Ann Curtis | The Observer ESPN prepares for College GameDay at Notre Dame on Saturday. The show, which will be broadcast from Library Quad, recaps and previews football games each weekend during the football season.In addition to being able to watch the show’s taping Saturday from 9 a.m. to noon from Library Quad, there are several other associated activities available to community members in conjunction with the visit. ESPN senior publicist Anna Negron said in an email that on Friday, there will be three events with prizes for winners, taking place from noon to 4 p.m. at the set on Library Quad. Events include the Home Depot Corn Hole Challenge, Know Your Stuff Trivia, a photo booth, Coca-Cola product sampling, Bucket Pong, Skee-Ball and Giant Jenga. College Football Live, a national radio broadcast, will broadcast live from the set at 3:30 p.m., Negron said.Notre Dame associate athletics director Monica Cundiff said while ESPN handles the details of the program, the visit is important for the campus community.“ESPN chooses the sites,” she said. “We have nothing to do with the fact that they are here. I think they pick the sites based on team’s records, how big the game is. Anyway, in just looking at this game and Michigan and Notre Dame haven’t played for a few years, it’s a huge game. It didn’t surprise us they chose to come here. We are definitely very welcome to have them.”The first live look at the pit will be at 7 a.m. on Saturday morning, Cundiff said. Students will be allowed into the pit starting at 6 a.m.Cundiff said her role has been primarily to coordinate logistics. She said usual gameday traditions and procedures, including the player walk, will not be affected by the ESPN set’s presence on South Quad. She said it was an “advantage” that the game is at night since most of the set will be cleared away by 4 p.m. on the day of the game and will allow gameday procedures to continue as normal.“We’re not even going to know their footprint is out there,” Cundiff said.She underscored the unique nature of the visit from the University’s perspective.“It’s certainly something we’re not going to say ‘no’ [to],” she said. “This is national exposure for our University. We want that kind of thing to happen.”The location of the set on Library Quad directly across the street from the stadium is the same as it was in 2012. When ESPN came for a site visit to decide where the set would be located, they came with the intention of considering several campus locations for the set before deciding Library Quad was all “they wanted to see,” Cundiff said.“Just the proximity to the stadium, and then, on game day, we all know what the campus looks like on Saturdays, so it’s a great path of fans coming towards the inner part of campus or going to see different spots,” she said.Though ESPN has an increased presence for this game weekend, NBC remains Notre Dame’s broadcast partner. Cundiff said College GameDay’s visit did not present a problem to the NBC staff.“NBC is our partner,” she said. “We’re going to take care of them. NBC also understands who ESPN [is] and what GameDay is all about. It’s just as much exposure for them as it is for us. We definitely restrict ESPN on things, and that’s because of our partnership with NBC. … I think at the end of the day we’re all in it together, to make a great experience for the nationally televised audiences as well as the fans here on campus.”Cundiff lauded ESPN for its cooperation this week, noting that Notre Dame has made things a little somewhat trickier for the broadcast company.“It’s been great for me working with ESPN this week, in the sense of from their perspective we have made it a little more difficult then they typically have seen from city to city that they go to, but it’s because we follow proper protocol,” she said. “I’m not just making a decision on electric, or water, or they wanted to cut some trees … they have a cooking segment on the show. Putting them in touch with the fire chief, putting them in touch with landscape services, with our utility department. They go to a lot of other campuses and they don’t do that, where I think that’s another example of Notre Dame having pride in itself. They’re the experts in their field. We’re not going to do something that affects any department on campus negatively. It actually makes me feel good that ESPN says, ‘You guys do it right. You’re tough.’ But at the end of the day we’re in it to do it the right way.”On the whole, Cundiff expressed a hope that the publicity that comes with College GameDay’s visit will further brandish Notre Dame’s image.“It’s great national exposure. Everyone, from students, to alums, to the subway alum [Notre Dame fans who didn’t actually attend the University], we are all proud of this University,” Cundiff said. “So any national exposure in a positive light, we want to see that and embrace that. Because we know that 12-year-old kid watching the football game may have dreams of either being a student athlete or student at Notre Dame. So this is another one of those opportunities to get some good positive exposure. And if the Irish can win at the end of the day, it makes it even better.”Tags: ESPN, ESPN College GameDay, gameday, Notre Dame-Michigan Rivalry While every Notre Dame home game represents a large event, this weekend’s season opener against the University of Michigan will feature a rare visit from ESPN’s College GameDay, the ESPN program that visits the site of each weekend’s biggest matchup. It will be College GameDay’s first visit to Notre Dame since the fall of 2012. ESPN College GameDay’s first ever broadcast was from Notre Dame’s campus on Nov. 13, 1993, ahead of the Irish’s matchup that day against Florida State.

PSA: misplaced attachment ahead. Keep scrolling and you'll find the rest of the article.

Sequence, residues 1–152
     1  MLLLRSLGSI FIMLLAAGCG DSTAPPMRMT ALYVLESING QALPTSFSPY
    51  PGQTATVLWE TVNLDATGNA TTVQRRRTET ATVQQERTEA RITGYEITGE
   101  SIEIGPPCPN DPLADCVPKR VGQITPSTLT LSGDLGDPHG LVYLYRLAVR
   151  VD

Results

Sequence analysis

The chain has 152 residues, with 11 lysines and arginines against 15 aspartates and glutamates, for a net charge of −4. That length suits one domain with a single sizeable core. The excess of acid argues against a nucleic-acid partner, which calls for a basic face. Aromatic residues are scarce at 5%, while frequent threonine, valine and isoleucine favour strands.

WNY News Now Image.ELLICOTT – A Village of Frewsburg woman is facing charges after she allegedly stole over $1,000 from a local business’s bank account.New York State Police say Shannon Helms, 40, was charged with fourth-degree grand larceny on Sunday.Investigators received a complaint from a local business owner that the company’s bank account was suspiciously low.Through investigation troopers allege that while employed by the company, Helms stole over $1,700. Police say Helms was released with an appearance ticket and is scheduled to appear in the Town of Ellicott Court on a later date to answer the charge. Share:Click to share on Facebook (Opens in new window)Click to share on Twitter (Opens in new window)Click to email this to a friend (Opens in new window)